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Open AccessArticle

Uncovering Engagement Networks for Adaptation in Three Regional Communities: Empirical Examples from New South Wales, Australia

1
Institute of Sustainable Futures, University of Technology, Ultimo, Sydney, NSW 2007, Australia
2
Commonwealth Science and Industrial Research Organisation, QCAT, Pullenvale, QLD 4069, Australia
*
Author to whom correspondence should be addressed.
Climate 2021, 9(2), 21; https://doi.org/10.3390/cli9020021
Received: 23 November 2020 / Revised: 14 January 2021 / Accepted: 18 January 2021 / Published: 21 January 2021
(This article belongs to the Special Issue Climate Resilient Cities and Communities)
Climate change is a significant challenge for policy makers, planners and communities. While adaptation responses are generally recognised to be place-based, policy processes on adaptation often reside with central (state or national) governments that may be remote from regional communities. In this paper, we contribute to the literature regarding how diverse regional communities engage with planning and policy for climate adaptation, which is important for successful implementation. We adopt a social network analysis (SNA) approach that enables an exploration of the interaction of community networks with policy information. There are limited empirical studies of information sharing about climate adaptation policy through community knowledge networks. One previous study, located in coastal New South Wales, Australia, mapped the community’s knowledge acquisition and diffusion to reveal the underlying network structures that influenced policy engagement pathways. However, further studies are needed to determine how the features of community networks may change with local context (e.g., coastal versus inland). This paper extends previous studies to compare and contrast adaptation knowledge networks in three NSW communities: Shoalhaven (the original coastal study site), Bega (coastal) and Orange (inland). Findings suggest that the presence of a natural resource-dependent industry, local geographies and boundary spanners acting as network knowledge brokers are factors influencing community knowledge flows. The work further demonstrates the utility of SNA to measure knowledge networks that can inform government engagement and communication with communities on climate adaptation policy. View Full-Text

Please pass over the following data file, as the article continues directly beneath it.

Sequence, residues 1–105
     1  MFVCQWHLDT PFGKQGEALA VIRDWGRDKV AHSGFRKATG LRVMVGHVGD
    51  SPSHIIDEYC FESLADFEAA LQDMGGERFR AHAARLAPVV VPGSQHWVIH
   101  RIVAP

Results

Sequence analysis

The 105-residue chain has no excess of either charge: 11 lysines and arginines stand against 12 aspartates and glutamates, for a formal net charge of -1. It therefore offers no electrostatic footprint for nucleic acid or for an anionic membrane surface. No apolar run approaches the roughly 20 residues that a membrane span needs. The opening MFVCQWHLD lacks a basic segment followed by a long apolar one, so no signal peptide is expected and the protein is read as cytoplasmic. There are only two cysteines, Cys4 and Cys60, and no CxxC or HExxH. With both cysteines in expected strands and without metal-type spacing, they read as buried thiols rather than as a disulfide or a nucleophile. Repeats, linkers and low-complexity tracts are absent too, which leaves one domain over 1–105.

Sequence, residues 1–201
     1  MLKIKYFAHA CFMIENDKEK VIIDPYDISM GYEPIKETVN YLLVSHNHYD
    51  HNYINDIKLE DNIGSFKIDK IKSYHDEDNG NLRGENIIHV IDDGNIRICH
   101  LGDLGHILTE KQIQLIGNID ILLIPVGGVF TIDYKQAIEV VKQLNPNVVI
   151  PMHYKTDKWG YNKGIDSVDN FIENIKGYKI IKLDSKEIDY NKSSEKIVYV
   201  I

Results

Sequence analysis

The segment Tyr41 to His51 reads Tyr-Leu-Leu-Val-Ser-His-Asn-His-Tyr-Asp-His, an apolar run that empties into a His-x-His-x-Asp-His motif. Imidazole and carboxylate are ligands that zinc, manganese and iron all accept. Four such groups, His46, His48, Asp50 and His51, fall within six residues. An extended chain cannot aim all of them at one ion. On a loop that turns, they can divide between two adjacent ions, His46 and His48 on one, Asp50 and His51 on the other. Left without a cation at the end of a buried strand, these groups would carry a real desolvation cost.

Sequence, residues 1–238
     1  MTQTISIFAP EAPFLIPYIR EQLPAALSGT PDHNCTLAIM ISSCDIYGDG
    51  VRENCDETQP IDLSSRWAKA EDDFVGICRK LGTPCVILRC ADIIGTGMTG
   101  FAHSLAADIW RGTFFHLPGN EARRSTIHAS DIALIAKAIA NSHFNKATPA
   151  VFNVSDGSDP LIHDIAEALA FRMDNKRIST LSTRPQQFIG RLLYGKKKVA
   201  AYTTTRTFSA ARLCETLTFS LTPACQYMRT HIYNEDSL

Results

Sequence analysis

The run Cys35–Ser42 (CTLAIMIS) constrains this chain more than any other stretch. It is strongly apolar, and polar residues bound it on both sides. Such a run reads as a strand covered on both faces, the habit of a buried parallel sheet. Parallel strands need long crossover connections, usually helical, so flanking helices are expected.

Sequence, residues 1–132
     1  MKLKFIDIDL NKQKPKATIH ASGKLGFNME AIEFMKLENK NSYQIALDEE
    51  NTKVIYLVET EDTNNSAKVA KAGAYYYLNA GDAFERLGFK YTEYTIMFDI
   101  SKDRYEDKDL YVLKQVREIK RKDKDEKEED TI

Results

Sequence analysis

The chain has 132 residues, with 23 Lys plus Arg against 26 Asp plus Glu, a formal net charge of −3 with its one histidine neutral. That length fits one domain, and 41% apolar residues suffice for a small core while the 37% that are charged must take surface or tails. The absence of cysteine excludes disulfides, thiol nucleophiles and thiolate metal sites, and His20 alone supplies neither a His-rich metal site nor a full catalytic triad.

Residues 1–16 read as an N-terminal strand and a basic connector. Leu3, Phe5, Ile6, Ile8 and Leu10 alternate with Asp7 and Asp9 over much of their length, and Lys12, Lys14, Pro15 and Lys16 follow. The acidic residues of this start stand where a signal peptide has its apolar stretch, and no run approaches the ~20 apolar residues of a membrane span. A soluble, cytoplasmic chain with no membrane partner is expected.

Keywords: adaptation policy; climate change policies; community participation; knowledge networks; environmental governance; social network analysis adaptation policy; climate change policies; community participation; knowledge networks; environmental governance; social network analysis
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MDPI and ACS Style

Cunningham, R.; Jacobs, B.; Measham, T.G. Uncovering Engagement Networks for Adaptation in Three Regional Communities: Empirical Examples from New South Wales, Australia. Climate 2021, 9, 21. https://doi.org/10.3390/cli9020021

AMA Style

Cunningham R, Jacobs B, Measham TG. Uncovering Engagement Networks for Adaptation in Three Regional Communities: Empirical Examples from New South Wales, Australia. Climate. 2021; 9(2):21. https://doi.org/10.3390/cli9020021

Chicago/Turabian Style

Cunningham, Rebecca; Jacobs, Brent; Measham, Thomas G. 2021. "Uncovering Engagement Networks for Adaptation in Three Regional Communities: Empirical Examples from New South Wales, Australia" Climate 9, no. 2: 21. https://doi.org/10.3390/cli9020021

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